Click the star to add/remove an item to/from your individual schedule.
You need to be logged in to avail of this functionality, and to see the links to virtual rooms.


Police officers at work [AnthroState] I 
Thomas Bierschenk (Johannes Gutenberg-Universität Mainz)
David Sausdal (Lund University)
Jérémie Gauthier (University of Strasbourg)
Send message to Convenors
Lanyon Building, LAN/0G/074
Wednesday 27 July, -
Time zone: Europe/London

Short Abstract:

What insights do we gain by studying everyday policing from a perspective of the anthropology of work and of professions, and does such a perspective give us reasons to hope for transformation of often-criticized police practices?

Long Abstract:

While the emerging anthropology of the police tends to foreground public policing and violence practices, this panel asks what insights we may gain by examining everyday police practices from an anthropology of work perspective, and how such a perspective would in turn reflect on the anthropology of the state. And how, in the present moment were the police are often criticized for their practices, such a lens might give us reasons to hope for change and transformation. More specifically, we invite empirically grounded papers which focus on, e.g., recruitment patterns and selection criteria; formal training as well as professional socialisation; policing as a profession with particular knowledge and skills, career patterns as well as status, role and prestige configurations; the legal contexts of policing and managerial control techniques as well as their day-to-day negotiation to retain some control over the labour process; material aspects such as salaries, technical equipment and working and living conditions; forms of sociability and recreation; as well as self-image, esprit de corps and perceived societal positionings, not least in reaction to citizens' reactions to public policing. Also of interest are the relations between police organisations and their employers, including attempts at political control of police practices, and conversely, forms of collective enforcement of interests by staff representatives and police unions. More generally, how do issues of social class, gender, ethnicity, culture and age play out in such a policing-as-work perspective?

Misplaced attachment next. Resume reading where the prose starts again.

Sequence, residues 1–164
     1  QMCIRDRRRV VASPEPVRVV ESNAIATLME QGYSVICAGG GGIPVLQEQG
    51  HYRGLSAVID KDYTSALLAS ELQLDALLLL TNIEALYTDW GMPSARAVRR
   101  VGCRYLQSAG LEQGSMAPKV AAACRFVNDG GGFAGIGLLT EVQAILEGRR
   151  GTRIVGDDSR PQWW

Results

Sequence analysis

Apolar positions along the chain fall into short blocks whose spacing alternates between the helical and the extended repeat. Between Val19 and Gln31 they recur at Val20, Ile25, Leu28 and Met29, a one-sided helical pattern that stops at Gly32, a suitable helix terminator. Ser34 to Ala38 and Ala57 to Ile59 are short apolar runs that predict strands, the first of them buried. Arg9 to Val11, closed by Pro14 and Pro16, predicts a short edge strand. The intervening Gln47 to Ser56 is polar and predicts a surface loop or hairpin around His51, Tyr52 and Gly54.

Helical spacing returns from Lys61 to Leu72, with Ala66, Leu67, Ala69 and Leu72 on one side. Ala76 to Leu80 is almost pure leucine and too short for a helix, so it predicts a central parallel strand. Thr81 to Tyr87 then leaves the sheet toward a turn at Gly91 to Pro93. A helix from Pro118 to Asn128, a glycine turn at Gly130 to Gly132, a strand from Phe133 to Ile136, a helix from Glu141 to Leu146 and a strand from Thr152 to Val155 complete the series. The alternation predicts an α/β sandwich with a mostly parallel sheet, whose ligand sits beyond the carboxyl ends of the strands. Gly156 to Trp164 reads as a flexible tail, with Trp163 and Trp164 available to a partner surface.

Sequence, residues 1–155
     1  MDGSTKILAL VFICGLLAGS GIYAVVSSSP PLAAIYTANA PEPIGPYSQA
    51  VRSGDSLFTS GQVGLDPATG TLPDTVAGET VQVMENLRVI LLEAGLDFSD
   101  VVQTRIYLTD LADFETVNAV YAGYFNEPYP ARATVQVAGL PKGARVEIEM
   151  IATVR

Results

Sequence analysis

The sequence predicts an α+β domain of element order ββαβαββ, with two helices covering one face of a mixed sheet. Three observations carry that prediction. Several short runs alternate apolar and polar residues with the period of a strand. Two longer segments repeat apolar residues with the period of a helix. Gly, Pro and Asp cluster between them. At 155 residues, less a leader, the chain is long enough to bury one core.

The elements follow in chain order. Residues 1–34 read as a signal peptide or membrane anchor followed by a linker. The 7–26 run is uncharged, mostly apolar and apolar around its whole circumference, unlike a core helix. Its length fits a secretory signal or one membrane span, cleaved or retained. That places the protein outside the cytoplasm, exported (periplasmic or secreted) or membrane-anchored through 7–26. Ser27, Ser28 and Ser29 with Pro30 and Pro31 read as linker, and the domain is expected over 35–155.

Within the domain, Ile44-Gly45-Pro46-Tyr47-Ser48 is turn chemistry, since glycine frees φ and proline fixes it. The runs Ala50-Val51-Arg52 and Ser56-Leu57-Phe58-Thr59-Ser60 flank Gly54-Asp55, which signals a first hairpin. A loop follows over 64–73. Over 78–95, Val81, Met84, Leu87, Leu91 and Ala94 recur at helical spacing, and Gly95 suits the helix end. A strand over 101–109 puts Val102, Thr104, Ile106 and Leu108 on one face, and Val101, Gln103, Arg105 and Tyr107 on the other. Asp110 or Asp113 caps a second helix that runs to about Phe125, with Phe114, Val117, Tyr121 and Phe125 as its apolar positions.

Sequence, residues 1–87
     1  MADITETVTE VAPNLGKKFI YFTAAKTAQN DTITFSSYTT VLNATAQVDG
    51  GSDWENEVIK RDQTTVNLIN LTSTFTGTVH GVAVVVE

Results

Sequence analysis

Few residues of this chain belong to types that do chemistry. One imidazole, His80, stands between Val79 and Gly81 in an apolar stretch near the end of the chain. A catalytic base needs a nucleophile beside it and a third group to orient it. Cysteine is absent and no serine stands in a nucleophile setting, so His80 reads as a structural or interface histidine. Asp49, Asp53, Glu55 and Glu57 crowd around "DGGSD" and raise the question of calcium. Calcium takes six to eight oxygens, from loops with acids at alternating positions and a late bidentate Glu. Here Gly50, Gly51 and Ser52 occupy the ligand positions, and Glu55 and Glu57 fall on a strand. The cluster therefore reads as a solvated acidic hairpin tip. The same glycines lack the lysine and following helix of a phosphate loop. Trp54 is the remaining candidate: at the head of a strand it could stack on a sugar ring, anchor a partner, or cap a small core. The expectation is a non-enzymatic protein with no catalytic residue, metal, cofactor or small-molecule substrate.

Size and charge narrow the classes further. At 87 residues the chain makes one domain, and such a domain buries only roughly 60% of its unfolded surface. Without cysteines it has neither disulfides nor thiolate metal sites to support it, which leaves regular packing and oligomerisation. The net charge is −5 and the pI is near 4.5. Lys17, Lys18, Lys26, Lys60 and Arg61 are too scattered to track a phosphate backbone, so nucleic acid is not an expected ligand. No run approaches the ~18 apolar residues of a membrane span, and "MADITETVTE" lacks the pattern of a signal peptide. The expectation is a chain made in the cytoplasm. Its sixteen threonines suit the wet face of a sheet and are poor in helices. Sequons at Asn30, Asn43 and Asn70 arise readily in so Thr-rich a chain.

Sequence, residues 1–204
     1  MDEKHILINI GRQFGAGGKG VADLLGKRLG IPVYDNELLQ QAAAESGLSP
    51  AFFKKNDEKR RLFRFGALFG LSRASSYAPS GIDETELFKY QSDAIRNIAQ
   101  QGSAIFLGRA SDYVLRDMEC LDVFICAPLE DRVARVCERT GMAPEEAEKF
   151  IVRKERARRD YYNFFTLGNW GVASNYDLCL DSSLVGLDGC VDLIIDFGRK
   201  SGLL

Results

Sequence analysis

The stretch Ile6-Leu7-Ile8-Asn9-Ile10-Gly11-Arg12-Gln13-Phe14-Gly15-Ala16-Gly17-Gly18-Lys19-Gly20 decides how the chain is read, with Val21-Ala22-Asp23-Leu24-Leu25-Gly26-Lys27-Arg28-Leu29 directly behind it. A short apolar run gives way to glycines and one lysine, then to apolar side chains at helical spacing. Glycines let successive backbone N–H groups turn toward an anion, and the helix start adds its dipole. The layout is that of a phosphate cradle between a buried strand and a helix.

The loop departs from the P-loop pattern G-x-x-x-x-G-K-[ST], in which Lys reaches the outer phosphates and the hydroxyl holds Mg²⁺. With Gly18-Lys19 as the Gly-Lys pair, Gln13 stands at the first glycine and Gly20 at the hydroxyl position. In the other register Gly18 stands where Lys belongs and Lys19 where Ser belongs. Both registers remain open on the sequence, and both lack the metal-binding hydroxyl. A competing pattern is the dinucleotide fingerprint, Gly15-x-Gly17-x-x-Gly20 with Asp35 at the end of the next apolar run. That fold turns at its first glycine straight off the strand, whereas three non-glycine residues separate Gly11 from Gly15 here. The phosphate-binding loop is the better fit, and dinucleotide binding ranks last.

Accepted papers:

Session 1 Wednesday 27 July, 2022, -